Marketing Metrics – Which Matter (And Which Don’t!)

Join us to learn which marketing metrics physical therapists should be measuring, and which they should let collect dust! One of Co-Kinetic’s core values is to help you navigate your way through the maze that appears to be marketing, save you time, and help you to drill down to the small number of marketing activities that can actually move the needle for your business.

We say “the maze that appears to be marketing” because marketing isn’t as hard as most people think it is; as long as you focus on the right things. What can be confusing is understanding the numbers that go hand-in-hand with your marketing strategy. You need to decipher these numbers so you can measure your marketing, and plan accordingly to get the results you need, in the most cost-effective way possible.

Good marketing is about doing more of what works, and ditching the stuff that doesn’t, but to know that, there needs to be an ongoing process of testing, measuring, adapting, retesting and re-measuring. And we certainly can’t afford to waste time on measuring things that don’t matter.

Let’s start with the UNimportant marketing metrics…

While there are several things you do need to be tracking, there are also many metrics you don’t need to track! So firstly, let’s vanquish the vanity metrics!

In short, vanity metrics are things that don’t serve an actionable purpose, or in other words, they don’t directly drive a business goal. This article by Michael O’Neill is great, and describes vanity metrics including social media likes, website bounce rate, social media followers and organic traffic growth.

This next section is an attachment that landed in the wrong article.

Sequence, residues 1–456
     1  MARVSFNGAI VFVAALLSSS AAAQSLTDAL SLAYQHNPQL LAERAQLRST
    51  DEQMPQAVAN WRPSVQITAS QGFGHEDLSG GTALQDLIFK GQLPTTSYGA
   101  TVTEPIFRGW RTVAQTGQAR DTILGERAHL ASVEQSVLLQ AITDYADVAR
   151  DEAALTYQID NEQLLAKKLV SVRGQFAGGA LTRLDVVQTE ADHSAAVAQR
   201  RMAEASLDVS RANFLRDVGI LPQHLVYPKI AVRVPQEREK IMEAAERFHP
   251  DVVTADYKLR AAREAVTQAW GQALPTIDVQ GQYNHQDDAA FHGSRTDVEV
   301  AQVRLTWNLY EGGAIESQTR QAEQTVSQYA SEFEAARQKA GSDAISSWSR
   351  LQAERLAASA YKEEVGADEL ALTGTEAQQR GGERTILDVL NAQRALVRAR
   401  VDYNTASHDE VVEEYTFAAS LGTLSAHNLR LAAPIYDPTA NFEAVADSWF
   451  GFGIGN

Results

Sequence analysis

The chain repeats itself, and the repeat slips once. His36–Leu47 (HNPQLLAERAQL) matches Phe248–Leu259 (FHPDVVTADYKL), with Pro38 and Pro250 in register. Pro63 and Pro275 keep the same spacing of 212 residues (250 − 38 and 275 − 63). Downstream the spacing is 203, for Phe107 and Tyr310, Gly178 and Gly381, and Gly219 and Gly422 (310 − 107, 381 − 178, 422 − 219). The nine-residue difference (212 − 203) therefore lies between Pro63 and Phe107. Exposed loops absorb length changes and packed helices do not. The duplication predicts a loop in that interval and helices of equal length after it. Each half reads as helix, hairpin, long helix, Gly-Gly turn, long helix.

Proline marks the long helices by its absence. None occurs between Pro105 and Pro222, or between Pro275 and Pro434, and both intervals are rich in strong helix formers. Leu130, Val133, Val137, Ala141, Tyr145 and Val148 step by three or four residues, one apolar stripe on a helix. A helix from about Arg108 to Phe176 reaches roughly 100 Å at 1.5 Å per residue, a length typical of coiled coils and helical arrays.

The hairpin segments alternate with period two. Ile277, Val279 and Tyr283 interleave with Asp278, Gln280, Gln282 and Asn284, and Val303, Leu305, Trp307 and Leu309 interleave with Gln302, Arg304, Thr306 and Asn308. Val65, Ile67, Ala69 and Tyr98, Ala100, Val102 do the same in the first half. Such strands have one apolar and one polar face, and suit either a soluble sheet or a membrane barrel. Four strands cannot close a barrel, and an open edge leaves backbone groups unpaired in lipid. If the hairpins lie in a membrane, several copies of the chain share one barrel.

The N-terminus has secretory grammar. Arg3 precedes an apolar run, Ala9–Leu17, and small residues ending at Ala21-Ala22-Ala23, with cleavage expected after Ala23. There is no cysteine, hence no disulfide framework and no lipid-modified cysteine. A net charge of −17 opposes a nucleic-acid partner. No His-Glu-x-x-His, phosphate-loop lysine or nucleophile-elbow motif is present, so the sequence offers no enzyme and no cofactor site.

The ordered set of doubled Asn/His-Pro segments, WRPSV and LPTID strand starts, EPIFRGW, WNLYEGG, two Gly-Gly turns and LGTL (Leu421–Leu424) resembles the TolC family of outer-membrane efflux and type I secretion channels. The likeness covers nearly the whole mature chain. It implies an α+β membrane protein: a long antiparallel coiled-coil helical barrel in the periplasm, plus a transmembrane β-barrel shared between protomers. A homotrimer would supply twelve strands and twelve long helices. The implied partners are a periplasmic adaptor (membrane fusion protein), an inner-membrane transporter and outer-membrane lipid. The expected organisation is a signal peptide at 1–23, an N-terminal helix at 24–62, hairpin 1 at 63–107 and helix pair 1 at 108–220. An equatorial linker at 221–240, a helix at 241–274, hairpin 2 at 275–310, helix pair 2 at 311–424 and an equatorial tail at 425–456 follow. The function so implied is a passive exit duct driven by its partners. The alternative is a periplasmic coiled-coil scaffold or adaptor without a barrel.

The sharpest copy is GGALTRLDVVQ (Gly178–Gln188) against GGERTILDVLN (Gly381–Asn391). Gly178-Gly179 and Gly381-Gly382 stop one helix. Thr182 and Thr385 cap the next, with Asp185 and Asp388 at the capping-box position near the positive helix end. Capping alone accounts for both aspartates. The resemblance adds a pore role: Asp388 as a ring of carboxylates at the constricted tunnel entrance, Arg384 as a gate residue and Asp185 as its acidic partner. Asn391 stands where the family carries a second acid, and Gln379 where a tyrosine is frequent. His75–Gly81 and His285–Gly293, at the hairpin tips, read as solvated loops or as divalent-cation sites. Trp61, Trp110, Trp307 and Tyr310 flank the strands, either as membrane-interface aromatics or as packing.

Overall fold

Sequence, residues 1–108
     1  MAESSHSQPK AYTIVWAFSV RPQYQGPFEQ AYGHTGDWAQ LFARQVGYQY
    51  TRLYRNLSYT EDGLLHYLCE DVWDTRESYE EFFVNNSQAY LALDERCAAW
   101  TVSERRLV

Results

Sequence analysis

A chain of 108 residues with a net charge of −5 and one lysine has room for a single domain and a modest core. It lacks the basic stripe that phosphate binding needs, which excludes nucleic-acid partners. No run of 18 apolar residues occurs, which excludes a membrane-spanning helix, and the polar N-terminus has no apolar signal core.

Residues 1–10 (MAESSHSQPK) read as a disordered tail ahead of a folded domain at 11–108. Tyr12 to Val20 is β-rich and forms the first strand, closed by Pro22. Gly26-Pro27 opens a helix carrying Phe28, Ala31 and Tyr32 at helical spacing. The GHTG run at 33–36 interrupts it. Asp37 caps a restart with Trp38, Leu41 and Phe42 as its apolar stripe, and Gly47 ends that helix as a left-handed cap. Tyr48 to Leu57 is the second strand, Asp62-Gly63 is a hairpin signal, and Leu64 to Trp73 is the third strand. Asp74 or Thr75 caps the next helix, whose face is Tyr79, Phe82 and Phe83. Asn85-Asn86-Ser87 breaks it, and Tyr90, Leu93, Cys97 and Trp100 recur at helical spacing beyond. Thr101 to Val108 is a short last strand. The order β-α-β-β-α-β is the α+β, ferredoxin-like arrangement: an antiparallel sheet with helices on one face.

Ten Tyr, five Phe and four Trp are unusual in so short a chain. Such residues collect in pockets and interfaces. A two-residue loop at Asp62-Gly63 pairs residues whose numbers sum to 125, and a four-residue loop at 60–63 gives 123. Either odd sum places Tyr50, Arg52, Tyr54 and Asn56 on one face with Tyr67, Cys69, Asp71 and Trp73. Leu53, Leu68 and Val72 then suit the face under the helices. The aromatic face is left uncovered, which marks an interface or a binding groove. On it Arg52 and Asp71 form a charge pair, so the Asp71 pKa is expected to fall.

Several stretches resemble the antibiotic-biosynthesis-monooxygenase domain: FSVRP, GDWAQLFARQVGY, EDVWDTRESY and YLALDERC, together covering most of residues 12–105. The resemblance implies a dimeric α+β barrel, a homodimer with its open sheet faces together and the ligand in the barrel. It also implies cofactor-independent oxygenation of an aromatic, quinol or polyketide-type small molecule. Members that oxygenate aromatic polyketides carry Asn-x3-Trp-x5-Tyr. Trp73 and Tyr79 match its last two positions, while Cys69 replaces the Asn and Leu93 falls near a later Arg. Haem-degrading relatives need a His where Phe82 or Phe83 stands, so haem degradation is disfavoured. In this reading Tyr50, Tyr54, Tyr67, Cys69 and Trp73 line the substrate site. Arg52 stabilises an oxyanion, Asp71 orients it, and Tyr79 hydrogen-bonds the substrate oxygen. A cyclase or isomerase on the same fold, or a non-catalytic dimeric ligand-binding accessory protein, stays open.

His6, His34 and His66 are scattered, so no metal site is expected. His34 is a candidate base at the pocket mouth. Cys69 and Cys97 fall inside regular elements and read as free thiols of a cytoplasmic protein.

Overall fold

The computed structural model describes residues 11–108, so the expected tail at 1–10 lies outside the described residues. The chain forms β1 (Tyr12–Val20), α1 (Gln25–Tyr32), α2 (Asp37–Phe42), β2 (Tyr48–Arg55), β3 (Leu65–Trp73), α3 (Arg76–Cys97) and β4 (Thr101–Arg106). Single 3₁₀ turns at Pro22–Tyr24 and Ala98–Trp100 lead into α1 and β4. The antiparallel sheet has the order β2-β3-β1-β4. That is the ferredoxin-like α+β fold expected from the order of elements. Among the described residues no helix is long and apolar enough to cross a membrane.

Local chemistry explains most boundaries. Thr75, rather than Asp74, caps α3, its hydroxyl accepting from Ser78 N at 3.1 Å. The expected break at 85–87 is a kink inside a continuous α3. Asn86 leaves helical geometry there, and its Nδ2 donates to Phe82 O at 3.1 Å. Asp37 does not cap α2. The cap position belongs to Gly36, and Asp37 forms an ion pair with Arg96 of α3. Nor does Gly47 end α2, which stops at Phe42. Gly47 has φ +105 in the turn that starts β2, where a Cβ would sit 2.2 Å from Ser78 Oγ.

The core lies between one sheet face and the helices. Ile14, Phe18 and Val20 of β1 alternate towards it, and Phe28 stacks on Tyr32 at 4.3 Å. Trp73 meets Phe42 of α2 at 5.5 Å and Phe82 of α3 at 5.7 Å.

These vanity metrics do not correlate to revenue in any way. They’re useful to measure brand awareness of course, but there are more important marketing activities to be investing in and prioritising before you throw money down the brand awareness drain!

And now onto the important marketing metrics…

There are metrics that you need to know in order to answer the question: If I spend £100, how much can I expect to get back? This is essential to know when it comes to planning your ongoing marketing strategy.

1. Average search position for buyer-intent keywords

Buyer intent keywords – these are search queries which show that somebody is actively looking to make a purchase (they’re ready to buy from you). It’s worth employing some SEO (search engine optimisation) input to help you find out what these queries are to help you optimise your SEO! For example did you know that sports injury gets twice as much local traffic as back pain, and ten times as much as neck pain or sciatica? Knowing this is key, if you’re going to get found on the search engines. Chris Dann from Marketing Your Cinic Online wrote a brilliant downloadable e-book which he provides free through his website (https://www.marketyourcliniconline.com) and which has been written specifically for physical and manual therapists.

2. Email leads collected

As you’ll know, I believe that growing and nurturing your email list is arguably the single most important marketing activity you can do. Collecting new email leads is one metric that can correlate with revenue. Once you’ve collected these email prospects, they can (and should) enter an email nurture process, based around sending regular value-adding resources, like links to the patient leaflets that we provide through Co-Kinetic. Building and nurturing your email list helps you build trust, establishes authority, strengthens relationships and ensures you stay at the forefront of your prospects’ minds, ready for when they reach their ‘clinical tipping point’ and need to seek your help.